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Pros And Cons Of Ocular Bio-availability Of Drugs | 8403
ISSN: 0975-0851

Journal of Bioequivalence & Bioavailability
Open Access

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Pros and cons of ocular bio-availability of drugs

International Conference & Exhibition Bioequivalence and Bioavailability

Dr. T.Velpandian

ScientificTracks Abstracts: J Bioequiv Availab

DOI: 10.4172/0975-0851.1000001

Abstract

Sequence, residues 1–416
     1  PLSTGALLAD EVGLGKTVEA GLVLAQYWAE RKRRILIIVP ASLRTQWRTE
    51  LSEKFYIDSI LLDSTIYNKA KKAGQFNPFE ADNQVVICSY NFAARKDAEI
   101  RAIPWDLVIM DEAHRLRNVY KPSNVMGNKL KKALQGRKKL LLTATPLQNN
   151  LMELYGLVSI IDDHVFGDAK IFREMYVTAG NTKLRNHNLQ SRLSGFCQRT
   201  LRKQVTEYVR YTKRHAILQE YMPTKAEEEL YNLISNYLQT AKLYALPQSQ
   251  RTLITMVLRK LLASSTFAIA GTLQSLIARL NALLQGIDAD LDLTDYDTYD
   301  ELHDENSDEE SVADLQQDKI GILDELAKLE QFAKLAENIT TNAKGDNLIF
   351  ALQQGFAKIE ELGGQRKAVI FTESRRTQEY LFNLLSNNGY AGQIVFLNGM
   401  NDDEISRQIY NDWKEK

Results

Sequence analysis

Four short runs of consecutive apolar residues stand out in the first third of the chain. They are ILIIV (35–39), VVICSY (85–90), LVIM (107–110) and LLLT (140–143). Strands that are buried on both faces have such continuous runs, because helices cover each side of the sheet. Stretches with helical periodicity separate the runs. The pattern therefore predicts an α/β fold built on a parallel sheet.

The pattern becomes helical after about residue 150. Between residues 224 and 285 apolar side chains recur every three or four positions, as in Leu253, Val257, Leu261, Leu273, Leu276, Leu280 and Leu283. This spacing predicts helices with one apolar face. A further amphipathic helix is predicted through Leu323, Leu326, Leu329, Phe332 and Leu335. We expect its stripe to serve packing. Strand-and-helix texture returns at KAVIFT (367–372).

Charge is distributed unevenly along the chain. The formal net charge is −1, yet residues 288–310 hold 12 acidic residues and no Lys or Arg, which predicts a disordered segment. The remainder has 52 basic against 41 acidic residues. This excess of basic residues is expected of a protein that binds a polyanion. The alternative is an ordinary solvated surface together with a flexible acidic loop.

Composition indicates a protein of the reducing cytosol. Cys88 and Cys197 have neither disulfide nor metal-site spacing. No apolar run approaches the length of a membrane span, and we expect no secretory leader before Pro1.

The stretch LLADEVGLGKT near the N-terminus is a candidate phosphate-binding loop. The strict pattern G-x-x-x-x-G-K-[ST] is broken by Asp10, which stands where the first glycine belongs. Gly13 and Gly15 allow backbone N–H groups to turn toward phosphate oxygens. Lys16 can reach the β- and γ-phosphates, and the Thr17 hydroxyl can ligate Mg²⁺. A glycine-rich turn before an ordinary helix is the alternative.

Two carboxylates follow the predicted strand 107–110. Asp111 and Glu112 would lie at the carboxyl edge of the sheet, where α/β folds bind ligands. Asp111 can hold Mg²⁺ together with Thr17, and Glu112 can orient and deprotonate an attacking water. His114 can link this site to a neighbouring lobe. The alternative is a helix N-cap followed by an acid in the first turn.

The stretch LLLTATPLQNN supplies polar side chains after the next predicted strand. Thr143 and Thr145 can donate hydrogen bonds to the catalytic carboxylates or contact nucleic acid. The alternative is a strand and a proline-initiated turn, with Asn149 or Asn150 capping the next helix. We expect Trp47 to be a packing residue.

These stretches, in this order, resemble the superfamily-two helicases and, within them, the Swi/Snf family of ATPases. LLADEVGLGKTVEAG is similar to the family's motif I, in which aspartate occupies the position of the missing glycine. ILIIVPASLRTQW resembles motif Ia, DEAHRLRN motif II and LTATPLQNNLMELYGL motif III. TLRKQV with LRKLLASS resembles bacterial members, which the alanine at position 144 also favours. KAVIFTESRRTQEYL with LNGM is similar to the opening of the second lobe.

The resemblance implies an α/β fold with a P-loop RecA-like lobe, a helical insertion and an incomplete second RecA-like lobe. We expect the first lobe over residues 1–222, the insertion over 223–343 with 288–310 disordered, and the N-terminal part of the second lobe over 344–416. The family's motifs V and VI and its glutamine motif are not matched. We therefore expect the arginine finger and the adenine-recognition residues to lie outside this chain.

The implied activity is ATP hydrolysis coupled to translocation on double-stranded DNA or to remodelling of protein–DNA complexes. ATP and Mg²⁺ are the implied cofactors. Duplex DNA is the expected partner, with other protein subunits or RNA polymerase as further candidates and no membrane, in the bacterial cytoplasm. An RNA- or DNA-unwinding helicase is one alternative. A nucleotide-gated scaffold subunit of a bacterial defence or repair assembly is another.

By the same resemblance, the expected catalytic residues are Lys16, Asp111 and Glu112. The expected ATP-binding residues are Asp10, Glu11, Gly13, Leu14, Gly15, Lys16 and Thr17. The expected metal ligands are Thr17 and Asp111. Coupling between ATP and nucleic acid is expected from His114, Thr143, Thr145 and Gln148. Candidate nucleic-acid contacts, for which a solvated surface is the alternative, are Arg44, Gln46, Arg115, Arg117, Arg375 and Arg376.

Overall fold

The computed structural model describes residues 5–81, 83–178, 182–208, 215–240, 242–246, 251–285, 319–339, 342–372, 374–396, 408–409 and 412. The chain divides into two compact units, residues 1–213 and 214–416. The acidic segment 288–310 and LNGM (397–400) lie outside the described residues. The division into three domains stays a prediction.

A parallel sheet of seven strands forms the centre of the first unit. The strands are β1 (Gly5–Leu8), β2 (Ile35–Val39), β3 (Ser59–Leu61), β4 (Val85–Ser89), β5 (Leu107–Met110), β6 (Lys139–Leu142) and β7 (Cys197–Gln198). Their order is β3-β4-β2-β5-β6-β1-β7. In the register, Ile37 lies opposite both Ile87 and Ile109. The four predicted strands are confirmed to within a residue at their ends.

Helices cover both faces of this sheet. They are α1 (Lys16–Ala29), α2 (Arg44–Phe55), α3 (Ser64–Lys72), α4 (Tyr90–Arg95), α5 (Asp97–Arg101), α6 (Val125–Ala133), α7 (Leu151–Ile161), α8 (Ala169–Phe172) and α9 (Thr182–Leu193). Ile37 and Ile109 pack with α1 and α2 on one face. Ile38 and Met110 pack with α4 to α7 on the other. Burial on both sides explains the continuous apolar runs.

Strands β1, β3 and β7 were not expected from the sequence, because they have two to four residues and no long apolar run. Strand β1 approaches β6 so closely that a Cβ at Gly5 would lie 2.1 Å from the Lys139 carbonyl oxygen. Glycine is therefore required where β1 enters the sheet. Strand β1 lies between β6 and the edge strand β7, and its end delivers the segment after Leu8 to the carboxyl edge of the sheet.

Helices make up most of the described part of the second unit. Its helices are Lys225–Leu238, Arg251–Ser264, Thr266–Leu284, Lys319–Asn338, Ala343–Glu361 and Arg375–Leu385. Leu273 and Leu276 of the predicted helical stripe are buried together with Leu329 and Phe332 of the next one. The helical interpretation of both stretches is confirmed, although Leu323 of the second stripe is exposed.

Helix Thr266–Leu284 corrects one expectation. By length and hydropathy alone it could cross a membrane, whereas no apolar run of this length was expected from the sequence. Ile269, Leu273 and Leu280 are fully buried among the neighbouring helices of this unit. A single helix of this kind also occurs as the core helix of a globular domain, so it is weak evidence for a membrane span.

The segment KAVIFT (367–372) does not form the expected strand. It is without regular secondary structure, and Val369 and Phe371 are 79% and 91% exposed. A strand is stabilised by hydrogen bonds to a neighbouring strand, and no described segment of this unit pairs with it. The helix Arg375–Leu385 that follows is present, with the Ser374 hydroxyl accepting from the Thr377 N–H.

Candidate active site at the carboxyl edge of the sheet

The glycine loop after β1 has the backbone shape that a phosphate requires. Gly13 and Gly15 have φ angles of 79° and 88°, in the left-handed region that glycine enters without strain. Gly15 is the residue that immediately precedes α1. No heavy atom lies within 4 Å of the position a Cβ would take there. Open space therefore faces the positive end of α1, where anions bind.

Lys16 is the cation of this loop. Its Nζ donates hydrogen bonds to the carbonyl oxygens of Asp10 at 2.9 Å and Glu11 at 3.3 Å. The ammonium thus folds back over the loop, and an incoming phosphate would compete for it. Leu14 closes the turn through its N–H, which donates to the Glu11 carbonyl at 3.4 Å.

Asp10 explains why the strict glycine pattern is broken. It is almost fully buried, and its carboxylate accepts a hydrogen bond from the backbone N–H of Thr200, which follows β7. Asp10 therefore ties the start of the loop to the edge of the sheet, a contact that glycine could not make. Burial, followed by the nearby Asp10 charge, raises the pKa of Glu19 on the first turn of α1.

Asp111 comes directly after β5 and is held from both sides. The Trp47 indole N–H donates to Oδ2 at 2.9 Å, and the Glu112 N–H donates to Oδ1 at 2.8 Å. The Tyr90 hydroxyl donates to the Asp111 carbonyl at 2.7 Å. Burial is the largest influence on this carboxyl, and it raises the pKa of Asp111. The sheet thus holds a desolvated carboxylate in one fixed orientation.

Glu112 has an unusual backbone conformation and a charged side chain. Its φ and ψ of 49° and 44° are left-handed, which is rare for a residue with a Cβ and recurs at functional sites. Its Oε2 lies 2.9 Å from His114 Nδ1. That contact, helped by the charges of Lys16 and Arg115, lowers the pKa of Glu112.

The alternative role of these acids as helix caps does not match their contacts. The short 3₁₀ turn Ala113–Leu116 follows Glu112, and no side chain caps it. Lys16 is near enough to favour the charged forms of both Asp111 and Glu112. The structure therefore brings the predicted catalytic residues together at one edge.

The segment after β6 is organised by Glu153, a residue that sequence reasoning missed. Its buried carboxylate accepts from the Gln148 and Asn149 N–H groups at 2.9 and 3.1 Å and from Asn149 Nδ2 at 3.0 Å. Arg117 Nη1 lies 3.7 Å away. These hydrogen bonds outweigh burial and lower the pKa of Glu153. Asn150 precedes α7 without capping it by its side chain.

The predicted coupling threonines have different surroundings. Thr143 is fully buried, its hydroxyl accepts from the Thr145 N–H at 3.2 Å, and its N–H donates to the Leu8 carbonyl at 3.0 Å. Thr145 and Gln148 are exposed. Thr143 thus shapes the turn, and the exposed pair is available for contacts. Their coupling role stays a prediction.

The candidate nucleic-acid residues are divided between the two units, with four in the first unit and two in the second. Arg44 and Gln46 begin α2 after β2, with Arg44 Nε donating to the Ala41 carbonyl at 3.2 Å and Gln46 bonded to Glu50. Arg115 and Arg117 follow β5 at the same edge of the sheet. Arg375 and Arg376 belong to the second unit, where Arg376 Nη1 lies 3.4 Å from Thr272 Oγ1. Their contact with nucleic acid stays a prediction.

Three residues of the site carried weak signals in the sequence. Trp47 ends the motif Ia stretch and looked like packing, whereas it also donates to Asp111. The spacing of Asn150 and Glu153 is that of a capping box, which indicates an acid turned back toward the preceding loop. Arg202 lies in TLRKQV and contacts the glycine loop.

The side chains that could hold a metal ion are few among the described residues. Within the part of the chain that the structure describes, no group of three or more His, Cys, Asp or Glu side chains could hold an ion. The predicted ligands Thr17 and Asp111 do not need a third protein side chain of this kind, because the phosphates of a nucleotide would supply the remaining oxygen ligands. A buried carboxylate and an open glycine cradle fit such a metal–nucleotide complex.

R eaching therapeutic concentrations of antimicrobial agents through oral and topical administration for prophylactic and therapeutic use remains a challenge. Less of 5% of topically applied drugs reach anterior segment. Not more than 50% of drug levels found in the humors of the eye as compared to plasma levels after systemic administration. Maintaining a steady state antimicrobial concentration above MIC90 for most of the ocular pathogens remains elusive. Conventionally, drugs discovered for systemic diseases are developed or extrapolated for ocular use. Rather than optimizing ocular specific drugs, much of emphasis are laid on expensive and cumbersome drug delivery strategies. Ocular penetration of drugs into the humors is restricted after topical and systemic administration by well recognized ocular barriers. In our laboratory, systematic evaluation of ocular penetration studies using techniques like cassette dosing revealed the existence of Quantitative Structure Property Relationship (QSPR) among the congeneric compounds. Modulation of the influx and efflux pump mechanisms in the ocular barriers could be an alternative strategy to increase the intraocular concentration of transporter susceptible compounds. Therefore, rational drug designing strategy for ophthalmic antimicrobial agents should be envisaged. While approving drugs for ocular infections, the criteria of ocular bioavailability must be emphasized. Unlike systemic pharmacokinetic studies, ocular kinetics is different but it can be safely be performed during ophthalmic surgical procedures. A deep understanding about the disease process, presence and positioning of drug transporters and application of molecular dynamic and pharmacological interventions are the possible approaches to improve the ocular bioavailability of drugs.
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